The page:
If you follow my blog you know that I am always looking for the best travel deals. I love traveling well (not 5-star but not bunk beds in hostels either) and Airbnb is one of the best sites I know for doing that. I’ve take 8 trips in the last 12 months with Airbnb.
Yesterday I was doing some shopping on Ebay when I stumbled upon this great deal: Buy a $110 Airbnb Gift card for only $100! I went ahead and bought one but am thinking about buying several more since its basically a 10% discount for free! I’m not sure when the sale ends but I wanted to pass it along.
If you have never used Airbnb, its basically rooms or entire houses that people rent out to travelers. So you can stay in a comfortable homey environment instead of a hotel for a price that is normally much better than hotel. I use it a lot for groups of people when we all want to stay together but need a lot of room. If you’ve never used it before use my link for and extra $40 credit on your account for your first booking!!!
There are quite a few other options out there as well. I recently spent a few nights in a rustic cabin in Moab, Utah for $25/night with an external bathhouse (hot running water, heat, showers, etc) to be shared with other cabin campers. It was a cute, cozy cabin with a heater, nice bed, end table, lights, window, free parking, and a chair. The separate bathroom wasn’t far at all and kept quite clean. For the price it couldn’t be beat.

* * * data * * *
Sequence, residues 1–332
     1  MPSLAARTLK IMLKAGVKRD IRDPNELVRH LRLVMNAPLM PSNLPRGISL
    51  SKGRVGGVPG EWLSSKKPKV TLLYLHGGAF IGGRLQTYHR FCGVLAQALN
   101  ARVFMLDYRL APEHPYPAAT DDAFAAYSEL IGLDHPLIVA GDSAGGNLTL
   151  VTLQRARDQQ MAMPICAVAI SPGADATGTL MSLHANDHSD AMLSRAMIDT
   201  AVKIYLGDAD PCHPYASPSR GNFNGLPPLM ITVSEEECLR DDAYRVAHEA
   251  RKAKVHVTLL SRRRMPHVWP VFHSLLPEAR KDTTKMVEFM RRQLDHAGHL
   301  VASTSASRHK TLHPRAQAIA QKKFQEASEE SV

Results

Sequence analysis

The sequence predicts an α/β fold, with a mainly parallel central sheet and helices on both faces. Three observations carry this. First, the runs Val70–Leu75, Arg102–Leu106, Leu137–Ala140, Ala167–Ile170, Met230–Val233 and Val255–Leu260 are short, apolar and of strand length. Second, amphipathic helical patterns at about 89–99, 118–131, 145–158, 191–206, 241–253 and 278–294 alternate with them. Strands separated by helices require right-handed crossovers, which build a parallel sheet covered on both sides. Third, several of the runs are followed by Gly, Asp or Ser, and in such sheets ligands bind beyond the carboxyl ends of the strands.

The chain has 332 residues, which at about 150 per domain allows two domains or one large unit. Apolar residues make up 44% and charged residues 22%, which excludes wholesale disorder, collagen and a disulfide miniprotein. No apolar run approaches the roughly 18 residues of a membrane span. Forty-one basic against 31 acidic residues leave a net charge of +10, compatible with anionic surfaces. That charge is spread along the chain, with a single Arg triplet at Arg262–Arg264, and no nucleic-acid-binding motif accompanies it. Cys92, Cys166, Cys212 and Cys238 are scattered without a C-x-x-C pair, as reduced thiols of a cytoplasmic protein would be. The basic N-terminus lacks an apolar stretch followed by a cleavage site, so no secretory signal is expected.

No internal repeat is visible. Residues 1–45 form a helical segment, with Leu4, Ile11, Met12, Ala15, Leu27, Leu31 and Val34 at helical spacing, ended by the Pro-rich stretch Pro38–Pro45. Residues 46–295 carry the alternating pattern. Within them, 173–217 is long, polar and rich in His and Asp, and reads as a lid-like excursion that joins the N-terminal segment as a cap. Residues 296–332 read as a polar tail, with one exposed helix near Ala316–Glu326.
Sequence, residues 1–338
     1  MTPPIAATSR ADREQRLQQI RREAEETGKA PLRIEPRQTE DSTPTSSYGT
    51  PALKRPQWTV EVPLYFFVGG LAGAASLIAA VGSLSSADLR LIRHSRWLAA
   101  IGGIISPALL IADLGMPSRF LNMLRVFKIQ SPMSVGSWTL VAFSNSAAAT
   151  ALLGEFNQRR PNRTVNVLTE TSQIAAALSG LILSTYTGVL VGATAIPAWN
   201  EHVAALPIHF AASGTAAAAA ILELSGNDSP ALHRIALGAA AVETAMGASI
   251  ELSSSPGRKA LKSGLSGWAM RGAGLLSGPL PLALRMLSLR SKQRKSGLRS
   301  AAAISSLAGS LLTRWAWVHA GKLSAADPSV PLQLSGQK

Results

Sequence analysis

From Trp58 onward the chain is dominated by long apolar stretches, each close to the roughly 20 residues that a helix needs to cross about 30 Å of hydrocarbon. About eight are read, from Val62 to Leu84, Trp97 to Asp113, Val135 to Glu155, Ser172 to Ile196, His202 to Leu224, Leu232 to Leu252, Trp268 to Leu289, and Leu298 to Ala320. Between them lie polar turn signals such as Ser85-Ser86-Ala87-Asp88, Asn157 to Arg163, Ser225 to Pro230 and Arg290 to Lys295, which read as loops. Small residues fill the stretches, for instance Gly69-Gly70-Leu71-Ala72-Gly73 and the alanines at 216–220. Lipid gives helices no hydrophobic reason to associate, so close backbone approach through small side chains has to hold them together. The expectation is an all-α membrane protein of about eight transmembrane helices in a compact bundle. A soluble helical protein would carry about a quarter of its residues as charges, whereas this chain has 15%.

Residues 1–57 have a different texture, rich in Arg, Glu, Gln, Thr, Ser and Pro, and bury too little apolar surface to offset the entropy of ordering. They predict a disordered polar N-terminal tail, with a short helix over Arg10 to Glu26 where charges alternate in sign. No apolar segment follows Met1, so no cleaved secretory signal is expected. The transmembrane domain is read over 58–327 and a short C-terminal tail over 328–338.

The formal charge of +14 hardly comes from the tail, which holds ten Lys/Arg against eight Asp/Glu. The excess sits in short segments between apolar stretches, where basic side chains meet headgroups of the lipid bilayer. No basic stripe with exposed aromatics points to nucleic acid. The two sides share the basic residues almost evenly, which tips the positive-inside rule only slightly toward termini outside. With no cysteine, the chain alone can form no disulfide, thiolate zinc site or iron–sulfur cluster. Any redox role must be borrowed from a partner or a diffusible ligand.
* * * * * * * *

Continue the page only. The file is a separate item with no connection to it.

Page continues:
Some people enjoy using Couch Surfers. This is sort of like crashing on your friend’s couch while your in town, except with a stranger. It seems to work well for attractive women as there seem to be many young men willing to host them. My experience is limited but mostly involved emailing 7 people looking for a place without getting a single response. However, I know a number of young single women who have had positive experiences with the community and even the enjoyable spontaneous hook up.